My screening process for these poems was straightforward: each had to be in the public domain (therefore, published before 1923) and each, simply, had to please me. I also wanted material that was stylistically and thematically modern. So the search was limited to poetry written between 1900 and 1923. In reviewing the three poems that I ultimately published, I noted interesting coincidences. For one thing, all of the authors were American. Also, and, more significantly, all of the poems contained the image of vacuity.
Wallace Stevens, in Anecdote of the Jar, puts his jar, “empty and bare”, in the Tennessee wilderness. Amy Lowell, in Absence, regards her cup and sees that it is “empty and void”. And Dargan, in her sonnet, reaches for the warmth of another person and discovers that the earth is “void”.
Along with having the aspect of hollowness, each of the poems exists in nature. Stevens’ jar is “upon a hill”, where it is surrounded by a “slovenly wilderness”; Lowell’s cup sits by an open window, where it “sparkles white in the moonlight” and is “chilled by the wind”; and Dargan, in her sonnet, references the earth, the world and “mountain folk”.
The publication dates for these poems were 1919, 1914 and 1916, respectively – years of social, political and intellectual upheaval. The Great War raged from 1914-1918. Freud issued his Interpretation of Dreams in 1899 and Einstein expounded his Special Relativity Theory in 1905. The glue of traditional relationships – cosmic and interpersonal – was disintegrating.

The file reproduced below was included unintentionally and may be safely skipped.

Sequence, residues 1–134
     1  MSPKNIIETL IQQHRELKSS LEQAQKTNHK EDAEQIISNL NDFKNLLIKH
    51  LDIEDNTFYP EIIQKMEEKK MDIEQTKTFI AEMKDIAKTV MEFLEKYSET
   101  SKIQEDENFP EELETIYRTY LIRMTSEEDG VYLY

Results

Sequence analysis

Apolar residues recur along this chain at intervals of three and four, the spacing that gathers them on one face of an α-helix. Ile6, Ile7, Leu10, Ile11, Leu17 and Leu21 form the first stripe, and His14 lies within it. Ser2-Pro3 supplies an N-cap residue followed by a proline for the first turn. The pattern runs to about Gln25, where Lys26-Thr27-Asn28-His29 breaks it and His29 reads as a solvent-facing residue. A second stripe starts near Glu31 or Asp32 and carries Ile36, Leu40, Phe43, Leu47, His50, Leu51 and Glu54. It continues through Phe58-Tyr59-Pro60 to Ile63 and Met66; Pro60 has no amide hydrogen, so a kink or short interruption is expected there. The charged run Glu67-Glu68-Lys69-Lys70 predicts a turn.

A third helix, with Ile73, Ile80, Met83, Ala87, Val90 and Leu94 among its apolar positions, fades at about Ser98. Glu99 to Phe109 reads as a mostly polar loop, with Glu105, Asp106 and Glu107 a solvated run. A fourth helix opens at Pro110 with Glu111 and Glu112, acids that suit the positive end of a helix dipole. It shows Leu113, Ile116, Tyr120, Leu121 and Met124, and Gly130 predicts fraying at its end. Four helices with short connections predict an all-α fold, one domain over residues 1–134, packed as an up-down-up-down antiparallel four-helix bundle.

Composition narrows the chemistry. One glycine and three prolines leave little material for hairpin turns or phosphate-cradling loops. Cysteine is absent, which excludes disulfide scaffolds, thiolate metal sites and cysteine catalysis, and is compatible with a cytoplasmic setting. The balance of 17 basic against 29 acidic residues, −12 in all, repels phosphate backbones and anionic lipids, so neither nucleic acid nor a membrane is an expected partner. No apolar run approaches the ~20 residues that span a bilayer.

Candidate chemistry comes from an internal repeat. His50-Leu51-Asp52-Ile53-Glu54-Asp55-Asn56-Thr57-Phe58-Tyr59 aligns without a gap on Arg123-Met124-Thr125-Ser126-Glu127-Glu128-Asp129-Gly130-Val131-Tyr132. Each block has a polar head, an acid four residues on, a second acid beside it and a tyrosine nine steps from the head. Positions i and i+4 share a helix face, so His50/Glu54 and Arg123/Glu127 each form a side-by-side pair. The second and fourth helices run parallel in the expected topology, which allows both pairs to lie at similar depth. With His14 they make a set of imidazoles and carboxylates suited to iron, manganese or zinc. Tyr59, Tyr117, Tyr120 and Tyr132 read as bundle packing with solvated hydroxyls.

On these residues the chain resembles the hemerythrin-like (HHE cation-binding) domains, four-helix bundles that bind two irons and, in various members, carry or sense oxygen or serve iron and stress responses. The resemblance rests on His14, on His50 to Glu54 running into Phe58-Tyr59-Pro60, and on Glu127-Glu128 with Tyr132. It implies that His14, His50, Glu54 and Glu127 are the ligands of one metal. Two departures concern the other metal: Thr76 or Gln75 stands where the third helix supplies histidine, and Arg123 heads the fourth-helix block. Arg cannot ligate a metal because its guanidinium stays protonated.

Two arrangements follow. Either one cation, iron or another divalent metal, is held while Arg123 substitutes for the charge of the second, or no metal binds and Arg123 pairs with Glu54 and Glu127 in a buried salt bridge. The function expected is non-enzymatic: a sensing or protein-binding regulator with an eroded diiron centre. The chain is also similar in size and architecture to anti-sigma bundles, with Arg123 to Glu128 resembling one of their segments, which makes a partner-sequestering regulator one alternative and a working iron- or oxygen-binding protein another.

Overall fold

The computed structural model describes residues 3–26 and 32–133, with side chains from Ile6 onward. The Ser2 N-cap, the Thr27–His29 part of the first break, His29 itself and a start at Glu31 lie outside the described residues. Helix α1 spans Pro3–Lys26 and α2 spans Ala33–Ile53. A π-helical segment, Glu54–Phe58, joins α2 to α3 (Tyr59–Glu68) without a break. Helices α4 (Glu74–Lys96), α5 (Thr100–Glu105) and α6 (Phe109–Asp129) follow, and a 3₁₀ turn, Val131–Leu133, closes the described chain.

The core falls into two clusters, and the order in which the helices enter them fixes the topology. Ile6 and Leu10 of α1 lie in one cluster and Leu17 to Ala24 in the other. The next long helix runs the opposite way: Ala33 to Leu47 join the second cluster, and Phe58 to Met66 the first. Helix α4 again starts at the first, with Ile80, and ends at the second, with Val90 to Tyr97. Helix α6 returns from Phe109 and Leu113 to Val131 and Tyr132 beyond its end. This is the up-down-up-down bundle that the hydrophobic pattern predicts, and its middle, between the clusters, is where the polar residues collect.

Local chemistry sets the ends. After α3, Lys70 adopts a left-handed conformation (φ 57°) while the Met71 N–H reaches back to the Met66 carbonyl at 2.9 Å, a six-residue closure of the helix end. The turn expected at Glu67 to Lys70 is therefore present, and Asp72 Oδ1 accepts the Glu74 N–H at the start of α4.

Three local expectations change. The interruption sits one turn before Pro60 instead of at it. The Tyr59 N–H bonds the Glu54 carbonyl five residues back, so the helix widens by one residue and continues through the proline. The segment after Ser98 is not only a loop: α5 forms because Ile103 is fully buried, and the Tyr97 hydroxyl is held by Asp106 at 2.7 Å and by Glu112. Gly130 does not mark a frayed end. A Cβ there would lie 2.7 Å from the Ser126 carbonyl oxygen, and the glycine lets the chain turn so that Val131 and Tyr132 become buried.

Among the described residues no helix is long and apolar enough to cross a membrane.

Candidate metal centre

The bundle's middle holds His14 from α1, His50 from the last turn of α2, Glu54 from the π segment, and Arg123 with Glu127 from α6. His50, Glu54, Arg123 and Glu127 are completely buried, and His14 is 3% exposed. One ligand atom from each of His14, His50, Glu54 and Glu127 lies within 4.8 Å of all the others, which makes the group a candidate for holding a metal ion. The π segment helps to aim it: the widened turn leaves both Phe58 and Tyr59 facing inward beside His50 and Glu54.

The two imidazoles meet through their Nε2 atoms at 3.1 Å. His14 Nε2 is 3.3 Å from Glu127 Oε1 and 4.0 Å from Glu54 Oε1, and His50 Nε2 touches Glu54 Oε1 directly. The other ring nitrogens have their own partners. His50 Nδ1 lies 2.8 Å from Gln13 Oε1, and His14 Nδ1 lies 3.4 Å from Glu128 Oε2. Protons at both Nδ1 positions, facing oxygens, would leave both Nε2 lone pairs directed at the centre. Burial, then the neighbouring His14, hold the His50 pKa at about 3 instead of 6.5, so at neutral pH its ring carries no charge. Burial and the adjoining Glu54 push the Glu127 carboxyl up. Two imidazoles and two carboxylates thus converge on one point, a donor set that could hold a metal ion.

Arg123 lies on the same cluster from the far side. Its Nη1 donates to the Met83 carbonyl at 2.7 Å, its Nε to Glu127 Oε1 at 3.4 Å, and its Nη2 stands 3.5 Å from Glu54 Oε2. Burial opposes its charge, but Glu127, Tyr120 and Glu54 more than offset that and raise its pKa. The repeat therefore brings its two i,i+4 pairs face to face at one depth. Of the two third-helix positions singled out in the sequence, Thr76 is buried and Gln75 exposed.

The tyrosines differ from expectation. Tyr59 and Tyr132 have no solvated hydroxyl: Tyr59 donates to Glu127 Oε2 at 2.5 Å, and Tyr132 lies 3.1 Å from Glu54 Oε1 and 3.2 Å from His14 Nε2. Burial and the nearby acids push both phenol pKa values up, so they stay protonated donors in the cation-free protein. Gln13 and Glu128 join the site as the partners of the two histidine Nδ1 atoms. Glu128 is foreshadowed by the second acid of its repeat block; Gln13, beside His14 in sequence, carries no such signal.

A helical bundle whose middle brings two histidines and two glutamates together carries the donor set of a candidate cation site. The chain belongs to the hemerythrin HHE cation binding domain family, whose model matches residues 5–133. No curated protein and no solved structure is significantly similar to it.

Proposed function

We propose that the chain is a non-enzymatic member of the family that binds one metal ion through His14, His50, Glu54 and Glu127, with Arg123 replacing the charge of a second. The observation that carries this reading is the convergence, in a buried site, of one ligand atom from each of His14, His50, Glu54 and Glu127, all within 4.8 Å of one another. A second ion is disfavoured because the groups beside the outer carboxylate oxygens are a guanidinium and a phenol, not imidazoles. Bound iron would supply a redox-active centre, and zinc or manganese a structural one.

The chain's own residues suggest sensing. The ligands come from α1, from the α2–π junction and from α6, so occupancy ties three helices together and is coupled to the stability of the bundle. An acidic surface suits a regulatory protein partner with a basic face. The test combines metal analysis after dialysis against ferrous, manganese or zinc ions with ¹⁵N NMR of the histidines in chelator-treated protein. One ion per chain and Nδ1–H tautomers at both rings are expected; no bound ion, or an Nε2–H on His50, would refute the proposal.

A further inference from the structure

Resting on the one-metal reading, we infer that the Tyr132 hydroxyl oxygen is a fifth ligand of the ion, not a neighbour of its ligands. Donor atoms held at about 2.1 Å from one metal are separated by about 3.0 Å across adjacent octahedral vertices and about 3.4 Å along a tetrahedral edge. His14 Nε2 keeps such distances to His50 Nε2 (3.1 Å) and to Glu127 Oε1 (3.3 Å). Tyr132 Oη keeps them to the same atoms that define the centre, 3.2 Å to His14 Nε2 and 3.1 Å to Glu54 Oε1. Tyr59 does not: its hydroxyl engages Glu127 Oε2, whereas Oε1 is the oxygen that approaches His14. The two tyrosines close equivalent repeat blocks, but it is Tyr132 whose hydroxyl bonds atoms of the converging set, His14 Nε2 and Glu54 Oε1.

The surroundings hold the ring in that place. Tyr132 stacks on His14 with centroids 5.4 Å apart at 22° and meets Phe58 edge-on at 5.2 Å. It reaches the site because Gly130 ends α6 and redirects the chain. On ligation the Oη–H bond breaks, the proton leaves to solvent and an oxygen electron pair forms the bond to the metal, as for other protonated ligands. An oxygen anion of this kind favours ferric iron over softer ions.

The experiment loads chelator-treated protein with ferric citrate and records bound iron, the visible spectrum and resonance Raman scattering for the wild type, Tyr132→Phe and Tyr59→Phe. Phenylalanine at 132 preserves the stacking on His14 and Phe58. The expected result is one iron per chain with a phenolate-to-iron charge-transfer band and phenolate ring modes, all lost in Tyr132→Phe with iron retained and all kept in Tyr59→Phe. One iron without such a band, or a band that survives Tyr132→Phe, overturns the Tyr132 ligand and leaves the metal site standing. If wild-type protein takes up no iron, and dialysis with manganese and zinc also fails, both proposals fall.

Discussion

From Wikimedia Commons
NASA image of a quasar , or growing black hole
A poet of the Romantic era might have been comforted by nature – but not these three. They are creatures of their time, alone in a desolate, incomprehensible universe.
By Amy Lowel
My cup is empty to-night,
Cold and dry are its sides
Chilled by the wind from the open window.
Empty and void, it sparkles white in the moonlight.
The room is filled with the strange scent of wistaria blossoms.
They sway in the moon’s radiance
And tap against the wall.
But the cup of my heart is still,
And cold, and empty.
When you come, it brims
Red and trembling with blood,
Heart’s blood for your drinking;
To fill your heart with love
And the bitter-sweet taste of a soul
Sonnet 36 from The Cycle’s Rim
Olive Tilford Dargan
Hunters carrying home a dead bear in the Great Smokey Mountains
Sonnet 36 from The Cycle’s Rim
Today I went among the mountain folk
To hear the gentle talk most dear to me.
I saw slow tears, and tenderness that woke
From sternest bed to light a lamp for thee.
And “Is it true?” hope asked and asked again,
And “It is true,” was all that I could say,
And pride rose over love to hide gray pain
As eyes tears might ungrace were turned away.
So much they loved thee I was half decoyed
By human warmth to feel thee near, but when
I put my hand out all the earth was void,
And vanished even these near-weeping men.
Thus each new time I find that thou art gone,
Anew do I survive the world, alone
Anecdote of the Jar
By Wallace Stevens
I placed a jar in Tennessee,
And round it was, upon a hill.
It made the slovenly wilderness
Surround that hill.
It took dominion every where.
The jar was gray and bare.
It did not give of bird or bush,